It’s not just nature that creates things hard to imagine, but there are also brilliant minds that built the unimaginable. Years pass and a certain building fits so well in its surroundings that makes tourists hardly believe that a man’s hand put it there, rather than thinking the world began exactly like that.

This is the case of a few churches that were built in certain communities. Most of them are abandoned nowadays, serving as a peaceful spot for the curious eyes or troubled souls.

1# Church built in an oak tree, France

chene chapelle tree
Go visit France and you’ll find the Chene Chapel, built in a 1000 years oak tree. It is 50 feet tall and hosts both Notre Dame de la Paix chapel and Chambre de l’Ermite, built in 1669. Access here is provided by climbing a few wooden stairs. Pilgrims do this every year on the 15th of August.
chene chapelle tree 2Chapel oak tree, Allouville

2# Temppeliaukio Underground church, Finland

Temppeliaukio Church, Helsinki 2

Tino and Tuomo Soumalainen are two brothers that finished building a church in 1969 in a cave. This special church in Finland has excellent acoustics, bringing a lot of people to listen to gorgeous concerts all year long. It is not the first church ever built in a cave, giving the fact that Asia has a lot of those, but it is rather uncommon for this part of Europe, turning this little refuge under Helsinki into a jewel.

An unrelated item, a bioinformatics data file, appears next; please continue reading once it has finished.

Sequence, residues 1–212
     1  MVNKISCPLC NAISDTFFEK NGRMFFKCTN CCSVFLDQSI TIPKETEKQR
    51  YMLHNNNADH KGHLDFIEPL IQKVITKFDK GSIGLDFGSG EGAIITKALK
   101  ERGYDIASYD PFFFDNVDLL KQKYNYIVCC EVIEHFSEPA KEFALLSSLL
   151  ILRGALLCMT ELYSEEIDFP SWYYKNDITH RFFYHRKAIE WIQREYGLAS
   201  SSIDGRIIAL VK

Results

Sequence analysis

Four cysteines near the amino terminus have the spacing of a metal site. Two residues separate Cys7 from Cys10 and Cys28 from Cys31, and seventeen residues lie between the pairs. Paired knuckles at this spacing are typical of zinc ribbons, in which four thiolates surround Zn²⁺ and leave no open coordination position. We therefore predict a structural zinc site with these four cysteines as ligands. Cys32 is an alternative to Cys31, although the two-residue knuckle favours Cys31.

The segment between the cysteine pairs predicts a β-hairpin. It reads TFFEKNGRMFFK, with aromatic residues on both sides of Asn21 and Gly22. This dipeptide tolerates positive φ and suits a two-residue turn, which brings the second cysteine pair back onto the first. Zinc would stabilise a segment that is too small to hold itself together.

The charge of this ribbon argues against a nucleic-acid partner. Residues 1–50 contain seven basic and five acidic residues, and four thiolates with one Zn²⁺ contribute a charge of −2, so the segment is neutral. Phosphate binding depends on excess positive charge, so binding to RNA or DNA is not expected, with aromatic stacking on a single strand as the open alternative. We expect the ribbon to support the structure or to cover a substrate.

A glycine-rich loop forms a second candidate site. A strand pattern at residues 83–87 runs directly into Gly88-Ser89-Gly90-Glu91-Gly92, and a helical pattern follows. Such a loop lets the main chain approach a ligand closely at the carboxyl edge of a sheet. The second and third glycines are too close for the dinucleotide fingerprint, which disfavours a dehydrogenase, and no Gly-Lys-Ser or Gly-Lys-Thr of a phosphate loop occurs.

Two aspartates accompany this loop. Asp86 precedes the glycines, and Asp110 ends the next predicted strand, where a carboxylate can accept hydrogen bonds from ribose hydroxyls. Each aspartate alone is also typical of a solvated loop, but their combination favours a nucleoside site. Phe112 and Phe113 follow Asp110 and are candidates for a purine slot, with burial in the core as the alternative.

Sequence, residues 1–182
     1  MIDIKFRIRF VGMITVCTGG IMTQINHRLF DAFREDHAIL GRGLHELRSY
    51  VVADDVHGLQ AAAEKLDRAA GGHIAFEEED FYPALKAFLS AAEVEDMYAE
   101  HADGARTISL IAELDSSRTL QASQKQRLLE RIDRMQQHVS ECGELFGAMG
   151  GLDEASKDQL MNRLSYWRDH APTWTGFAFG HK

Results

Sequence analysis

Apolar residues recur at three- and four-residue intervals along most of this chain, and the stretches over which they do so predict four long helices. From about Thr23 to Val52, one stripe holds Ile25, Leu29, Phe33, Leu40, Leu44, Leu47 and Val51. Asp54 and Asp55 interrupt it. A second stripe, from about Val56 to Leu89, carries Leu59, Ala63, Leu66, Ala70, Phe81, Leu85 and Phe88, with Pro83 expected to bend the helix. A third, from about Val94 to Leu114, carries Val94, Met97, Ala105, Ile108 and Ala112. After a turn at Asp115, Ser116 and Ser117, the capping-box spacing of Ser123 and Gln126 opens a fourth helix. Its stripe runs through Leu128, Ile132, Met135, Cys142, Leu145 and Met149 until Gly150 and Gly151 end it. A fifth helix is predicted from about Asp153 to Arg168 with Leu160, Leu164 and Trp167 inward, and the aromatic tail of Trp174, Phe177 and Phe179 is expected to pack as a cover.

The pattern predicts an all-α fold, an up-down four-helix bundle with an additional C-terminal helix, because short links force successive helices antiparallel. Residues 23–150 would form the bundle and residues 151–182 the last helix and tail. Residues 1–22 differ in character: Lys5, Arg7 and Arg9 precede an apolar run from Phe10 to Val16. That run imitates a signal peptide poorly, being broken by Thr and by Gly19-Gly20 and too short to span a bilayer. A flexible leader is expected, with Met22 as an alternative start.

Temppeliaukio Church, Helsinki 3

3# On top of a volcano

Our Lady of Le Puy Church, France
Our Lady of Le Puy is not built on a solitary mountain or a rock, but right on top of a volcano. The good part here is that the volcano is inactive for a long time. Being almost 300 feet above the ground, the view around Velay area is breathtaking.

July 2007, Le Puy, France --- The church of St. Michel d'Aiquilhe atop the pinnacle of Rocher St. Michel, and a statue of the Virgin and Child atop the peak of Rocher Corneille overlook Le Puy, France. --- Image by © Jose Fuste Raga/Corbis

4# Over a canyon, Colombia

It took 33 years to build Las Lajas Sanctuary, over the canyon formed by Guaitara River in Columbia. “Lajas” is the word for granite, which is the material from which the church is built. The only way to access the main entrance is by a beautifully built bridge that matches the church’s architecture.

5# Right at the edge of the world

In the south of the globe, next to Antarctica, there was an extraordinary wooden holy place build in the 90’s, big enough for a 30 people ceremony.

The church was taken from there and moved to King George Island in Russia, piece by piece. Constructors built it back together like a puzzle and today, it lives to greet travelers worldwide.
trinity church Antarcticatrinity church Antarctica 2

Let us know which of these churches intrigues you the most. Is any of them beckoning you for a visit?